I’ve had students who laughed when another child was hurt (and not the nervous laugh), or go out of their way to inflict physical or emotional pain on their peers. I’ve also had students who were bald faced liars and master manipulators – at 7 years of age. I even had a student who so terrified his babysitter that he made her pay him $5 day to go to school! And I’ve had parents in denial while others were at wit’s end as to how to deal with their child’s behavior.

I’ve seen some scary s*it, so I remain vigilant – and I document everything. I’ve also never had a class hamster – just in case.


History Wax Museum – Till Death Do Us Part 2 May 1, 2012

Posted by alwaysjan in Teaching.
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6 comments

When I wrote History Wax Museum – Till Death Do Us PartI ended by saying that I would NEVER do this project again. Not with 28 students. Well, as my mother always said, “Never say never,” or as I like to say, “Crow is best eaten while warm.”

Fast forward a year. I now have 31 third graders and History Wax Museum is HAPPENING! Why? Two teachers are new to 3rd grade, so they don’t have any lingering Post Traumatic Stress Disorder from last year. And those of us who are veterans? Well, what can I say? I’d like having a baby. Once you pop the little booger out, you tend to forget all that came before.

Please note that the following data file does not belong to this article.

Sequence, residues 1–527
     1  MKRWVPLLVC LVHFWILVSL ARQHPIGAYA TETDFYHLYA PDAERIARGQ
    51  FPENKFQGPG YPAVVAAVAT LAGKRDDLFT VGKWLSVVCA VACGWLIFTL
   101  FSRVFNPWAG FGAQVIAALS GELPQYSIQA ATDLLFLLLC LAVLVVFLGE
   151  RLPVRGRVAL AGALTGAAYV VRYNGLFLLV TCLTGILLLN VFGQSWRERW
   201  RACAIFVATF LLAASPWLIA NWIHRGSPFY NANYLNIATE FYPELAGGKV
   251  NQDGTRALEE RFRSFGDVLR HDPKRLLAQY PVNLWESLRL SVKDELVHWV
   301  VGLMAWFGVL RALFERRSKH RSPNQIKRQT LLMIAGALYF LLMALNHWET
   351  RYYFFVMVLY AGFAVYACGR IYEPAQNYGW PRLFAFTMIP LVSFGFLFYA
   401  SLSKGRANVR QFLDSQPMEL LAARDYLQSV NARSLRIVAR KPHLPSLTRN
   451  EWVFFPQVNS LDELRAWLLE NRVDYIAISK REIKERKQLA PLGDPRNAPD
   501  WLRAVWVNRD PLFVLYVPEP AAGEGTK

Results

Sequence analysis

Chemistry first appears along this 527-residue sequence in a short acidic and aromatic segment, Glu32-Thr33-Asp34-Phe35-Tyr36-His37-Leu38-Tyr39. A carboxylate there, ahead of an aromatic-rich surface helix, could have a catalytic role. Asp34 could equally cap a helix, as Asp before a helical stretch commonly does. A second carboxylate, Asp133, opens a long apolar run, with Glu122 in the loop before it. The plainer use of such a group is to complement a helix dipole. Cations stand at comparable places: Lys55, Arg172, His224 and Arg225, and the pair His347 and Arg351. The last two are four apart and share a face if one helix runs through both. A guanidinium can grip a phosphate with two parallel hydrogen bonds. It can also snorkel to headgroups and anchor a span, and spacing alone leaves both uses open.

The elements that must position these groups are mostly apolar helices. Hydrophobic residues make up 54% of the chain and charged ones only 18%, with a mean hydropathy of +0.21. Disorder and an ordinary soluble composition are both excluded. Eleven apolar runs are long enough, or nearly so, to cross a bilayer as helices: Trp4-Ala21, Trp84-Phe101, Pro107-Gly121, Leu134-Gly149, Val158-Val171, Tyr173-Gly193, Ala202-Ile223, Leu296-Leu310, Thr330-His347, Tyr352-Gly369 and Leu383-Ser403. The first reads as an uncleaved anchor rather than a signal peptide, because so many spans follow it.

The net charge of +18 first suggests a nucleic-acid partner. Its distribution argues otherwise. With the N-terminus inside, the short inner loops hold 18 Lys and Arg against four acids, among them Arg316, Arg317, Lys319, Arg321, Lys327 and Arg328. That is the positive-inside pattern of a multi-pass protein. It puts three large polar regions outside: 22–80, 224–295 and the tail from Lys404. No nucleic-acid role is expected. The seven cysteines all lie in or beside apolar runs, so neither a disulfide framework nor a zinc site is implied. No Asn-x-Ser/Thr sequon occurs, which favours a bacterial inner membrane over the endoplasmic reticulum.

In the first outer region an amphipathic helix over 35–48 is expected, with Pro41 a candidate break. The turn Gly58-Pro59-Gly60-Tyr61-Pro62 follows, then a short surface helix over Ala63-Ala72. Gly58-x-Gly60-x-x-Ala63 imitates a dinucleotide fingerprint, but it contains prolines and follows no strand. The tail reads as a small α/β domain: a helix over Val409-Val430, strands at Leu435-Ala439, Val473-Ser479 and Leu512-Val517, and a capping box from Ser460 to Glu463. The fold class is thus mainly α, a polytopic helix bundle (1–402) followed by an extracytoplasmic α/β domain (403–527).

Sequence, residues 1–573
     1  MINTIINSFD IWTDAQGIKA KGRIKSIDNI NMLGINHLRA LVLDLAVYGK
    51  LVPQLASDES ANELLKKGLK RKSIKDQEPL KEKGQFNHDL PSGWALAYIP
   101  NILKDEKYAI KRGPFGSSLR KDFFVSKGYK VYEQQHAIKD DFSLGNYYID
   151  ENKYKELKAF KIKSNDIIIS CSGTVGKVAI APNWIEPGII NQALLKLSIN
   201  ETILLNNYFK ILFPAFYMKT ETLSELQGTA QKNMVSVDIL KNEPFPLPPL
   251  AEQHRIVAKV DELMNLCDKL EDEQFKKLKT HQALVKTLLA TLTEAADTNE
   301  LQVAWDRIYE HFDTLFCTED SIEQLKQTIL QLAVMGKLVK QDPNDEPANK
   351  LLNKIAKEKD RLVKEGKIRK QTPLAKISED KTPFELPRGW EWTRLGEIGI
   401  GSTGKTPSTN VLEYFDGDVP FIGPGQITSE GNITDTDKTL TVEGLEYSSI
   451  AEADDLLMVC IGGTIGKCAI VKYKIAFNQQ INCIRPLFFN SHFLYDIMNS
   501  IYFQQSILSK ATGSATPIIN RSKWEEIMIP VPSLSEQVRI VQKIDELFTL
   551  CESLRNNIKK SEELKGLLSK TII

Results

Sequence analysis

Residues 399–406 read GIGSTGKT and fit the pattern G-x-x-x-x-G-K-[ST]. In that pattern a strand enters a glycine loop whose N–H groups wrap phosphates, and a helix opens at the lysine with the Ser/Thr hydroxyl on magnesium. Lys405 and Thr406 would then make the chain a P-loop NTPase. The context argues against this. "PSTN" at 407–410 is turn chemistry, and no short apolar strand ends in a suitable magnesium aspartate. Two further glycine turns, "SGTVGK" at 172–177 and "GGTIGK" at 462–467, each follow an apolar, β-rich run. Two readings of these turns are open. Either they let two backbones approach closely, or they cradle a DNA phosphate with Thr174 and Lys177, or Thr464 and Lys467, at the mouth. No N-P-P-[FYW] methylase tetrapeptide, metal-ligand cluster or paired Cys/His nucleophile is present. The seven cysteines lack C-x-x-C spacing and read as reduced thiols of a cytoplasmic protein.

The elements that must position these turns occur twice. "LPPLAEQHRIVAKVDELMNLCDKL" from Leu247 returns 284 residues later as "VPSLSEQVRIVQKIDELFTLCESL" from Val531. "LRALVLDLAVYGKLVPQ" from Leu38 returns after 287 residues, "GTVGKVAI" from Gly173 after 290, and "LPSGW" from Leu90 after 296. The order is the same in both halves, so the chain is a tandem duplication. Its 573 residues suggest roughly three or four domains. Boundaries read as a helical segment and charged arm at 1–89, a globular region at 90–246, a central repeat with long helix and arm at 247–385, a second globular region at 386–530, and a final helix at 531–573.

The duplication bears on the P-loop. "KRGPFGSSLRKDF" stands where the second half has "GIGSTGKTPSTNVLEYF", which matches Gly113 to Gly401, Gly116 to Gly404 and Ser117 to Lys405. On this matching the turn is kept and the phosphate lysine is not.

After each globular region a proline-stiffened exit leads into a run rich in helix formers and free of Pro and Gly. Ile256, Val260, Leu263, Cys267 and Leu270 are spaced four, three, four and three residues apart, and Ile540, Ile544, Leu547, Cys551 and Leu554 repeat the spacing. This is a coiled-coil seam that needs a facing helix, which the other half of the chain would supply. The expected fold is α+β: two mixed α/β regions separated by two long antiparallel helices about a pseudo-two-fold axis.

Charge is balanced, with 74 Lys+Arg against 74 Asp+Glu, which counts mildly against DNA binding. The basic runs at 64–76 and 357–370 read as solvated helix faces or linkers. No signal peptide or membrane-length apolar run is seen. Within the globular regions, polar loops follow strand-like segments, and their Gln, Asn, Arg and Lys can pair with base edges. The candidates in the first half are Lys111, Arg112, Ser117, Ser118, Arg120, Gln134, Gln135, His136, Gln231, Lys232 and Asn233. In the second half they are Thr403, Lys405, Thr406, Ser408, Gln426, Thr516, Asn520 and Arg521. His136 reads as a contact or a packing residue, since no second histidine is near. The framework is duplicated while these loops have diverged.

It also helps that History Wax Museum is performed at Open House. For teachers this means no Dog and Pony Show (my dog has been dead for years and the pony is out to pasture). No attempts to out-cutesy the teacher next door and NO cleaning the classroom. Can you say bliss?

This year a parent suggested that students should be able to explain just what a history wax museum is to the uninitiated. Okay, here’s what you need to know. NO WAX is harmed in the making of  the History Wax Museum. The students stand frozen in a pose in front of their tri-fold board. There is a button on the floor (okay, it’s a fake button – a red paper circle actually) that visitors step on to activate the character. The student then “comes to life” and tells their story.

Last year, I found myself doing a lot of things that weren’t covered in my teacher credentialing program like throwing together costumes for kids whose parents couldn’t pull it together. Galileo showed up with a piece of a white t-shirt to wear as a beard. It looked a bit like a do-rag. Really? That’s the best you could do?